Volume 550

  • No. 7677 26 October 2017

    The cover shows an intricate network of lattice defects — dislocation lines — whose motion makes metal tantalum flow under compression. Fully dynamic atomistic simulations of plastic deformation in metals are extremely demanding computationally and usually involve mesoscale approximations. In this issue, Vasily Bulatov and his colleagues present fully dynamic atomic-level simulations of metal plasticity that feature up to 268 million atoms, each such simulation generating around 2 exabytes (1 exabyte = 1018 bytes) of data. Using their model, the authors probe how body-centred-cubic metal tantalum responds to ultrahigh-strain-rate deformation. They find that on reaching certain limiting conditions, dislocations can no longer relieve mechanical loads and twinning — the sudden reorientation of the crystal lattice — takes over. They also find that below such critical conditions, flow stress and dislocation density achieve a steady state in which the metal can be kneaded indefinitely like a piece of dough. Cover image: Alexander Stukowski

  • No. 7676 19 October 2017

    The workplace is changing. Dramatic shifts in labour are reshaping society, the environment and the political landscape. Around the globe, computers and robots are poised to replace people in a wide variety of jobs. In this issue, Nature asks: what light is research shedding on the future of work and how will these changes affect scientists’ working world? A News Feature explores three of the most studied questions about the future of work: what jobs are most at risk of automation? Do shifts to a decentralized ‘gig economy’ make good on their promise to democratize work around the world? And what kinds of programmes are best preparing workers for the coming changes? A Careers Feature examines the gig economy in more detail, revealing how freelance opportunities are remodelling what it means to be a researcher. And in three Comment pieces, Robert Allen provides a historical perspective on the relationship between wages and productivity; Yuval Noah Harari seeks new socio-economic models and a revolution in education; and Ian Goldin suggests that our era has more parallels with the Renaissance than the Industrial Revolution. Cover image: Chris Malbon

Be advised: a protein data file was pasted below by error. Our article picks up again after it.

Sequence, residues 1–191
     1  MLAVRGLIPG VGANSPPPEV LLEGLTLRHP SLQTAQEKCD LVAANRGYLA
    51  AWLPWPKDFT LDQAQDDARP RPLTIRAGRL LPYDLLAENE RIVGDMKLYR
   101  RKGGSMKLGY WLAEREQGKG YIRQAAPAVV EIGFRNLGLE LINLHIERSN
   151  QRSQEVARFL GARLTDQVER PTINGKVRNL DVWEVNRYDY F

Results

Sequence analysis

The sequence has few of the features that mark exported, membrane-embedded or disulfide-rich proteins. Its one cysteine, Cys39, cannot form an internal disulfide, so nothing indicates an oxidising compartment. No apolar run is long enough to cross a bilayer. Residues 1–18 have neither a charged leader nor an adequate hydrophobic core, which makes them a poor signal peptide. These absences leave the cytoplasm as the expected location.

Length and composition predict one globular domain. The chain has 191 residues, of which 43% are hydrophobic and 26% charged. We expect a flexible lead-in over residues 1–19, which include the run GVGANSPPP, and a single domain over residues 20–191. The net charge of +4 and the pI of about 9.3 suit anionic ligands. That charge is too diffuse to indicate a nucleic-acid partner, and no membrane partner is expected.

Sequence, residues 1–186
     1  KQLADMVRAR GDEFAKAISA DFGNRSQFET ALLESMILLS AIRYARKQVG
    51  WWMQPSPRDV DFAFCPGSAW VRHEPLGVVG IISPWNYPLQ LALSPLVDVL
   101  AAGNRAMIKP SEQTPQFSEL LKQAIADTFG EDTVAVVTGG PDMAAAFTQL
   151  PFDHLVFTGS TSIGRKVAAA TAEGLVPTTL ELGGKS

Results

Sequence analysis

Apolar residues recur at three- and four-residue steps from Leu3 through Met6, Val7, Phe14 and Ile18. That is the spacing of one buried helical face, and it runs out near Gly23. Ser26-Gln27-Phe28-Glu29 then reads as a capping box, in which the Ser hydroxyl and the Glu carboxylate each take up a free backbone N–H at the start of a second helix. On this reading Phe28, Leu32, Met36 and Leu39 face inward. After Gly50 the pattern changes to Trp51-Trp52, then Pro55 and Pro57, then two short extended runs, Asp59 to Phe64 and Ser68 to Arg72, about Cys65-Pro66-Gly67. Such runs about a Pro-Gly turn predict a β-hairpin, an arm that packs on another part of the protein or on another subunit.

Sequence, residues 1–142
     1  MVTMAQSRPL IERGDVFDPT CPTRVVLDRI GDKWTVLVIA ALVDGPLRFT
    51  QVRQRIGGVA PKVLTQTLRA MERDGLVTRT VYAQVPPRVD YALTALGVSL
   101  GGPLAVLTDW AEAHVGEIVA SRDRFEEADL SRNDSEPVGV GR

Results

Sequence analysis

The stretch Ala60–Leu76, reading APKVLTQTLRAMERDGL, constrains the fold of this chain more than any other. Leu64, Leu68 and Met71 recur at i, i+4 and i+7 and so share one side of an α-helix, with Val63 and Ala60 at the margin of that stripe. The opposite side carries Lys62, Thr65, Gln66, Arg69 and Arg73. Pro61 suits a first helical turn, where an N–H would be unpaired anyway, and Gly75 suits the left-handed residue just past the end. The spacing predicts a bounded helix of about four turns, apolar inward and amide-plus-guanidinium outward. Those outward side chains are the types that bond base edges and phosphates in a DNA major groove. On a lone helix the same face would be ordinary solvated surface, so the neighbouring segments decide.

• No. 7675 12 October 2017

    The GTEx (Genotype-Tissue Expression) Consortium has established a reference catalogue and associated tissue biobank for gene-expression levels across individuals for diverse tissues of the human body, with a broad sampling of normal, non-diseased human tissues from postmortem donors. In an Article, the consortium presents the deepest survey of gene expression across multiple tissues and individuals to date, encompassing 7,051 samples from 449 donors across 44 human tissues. They characterize the relationship between genetic variation and gene expression across tissues and individuals, and find that most genes are regulated by genetic variation near to the affected gene. In accompanying Letters, Alexis Battle, Stephen Montgomery and their colleagues examine the impact of rare genetic variation on gene expression across human tissues. Daniel MacArthur and his team systematically survey the landscape of X chromosome inactivation in human tissues. And Jin Billy Li and his colleagues provide a comprehensive cross-species analysis of adenosine-to-inosine RNA editing in mammals. In an accompanying News & Views, Michelle Ward and Yoav Gilad put the latest results in context and discuss how these findings are helping to crack the regulatory code of the human genome. Cover image: Concept design: Christine A. Dahl. Graphics: Norm Cyr, Science Illustrator, Department of Pathology, Stanford Medicine

  • No. 7674 5 October 2017

    The cover is a coloured scanning electron micrograph of various oral bacteria. The oral cavity was among six key body sites that formed a major focus in the work to expand the Human Microbiome Project reported on in this issue. Published in 2012, the Human Microbiome Project sampled 18 different body sites to provide a broad overview of the human microbiome in healthy individuals. Curtis Huttenhower and his colleagues have now extended this work to present 1,631 new metagenomes and multiple time points in 265 individuals, looking in particular at six sites, including the nostrils, mouth and gut. Using a combination of strain profiling, species-level metagenomic functional profiling and longitudinal analyses, the study provides deeper insights into human microbial communities, providing an important resource to further our understanding about what constitutes a ‘healthy’ microbiota. Image courtesy: SPL/Getty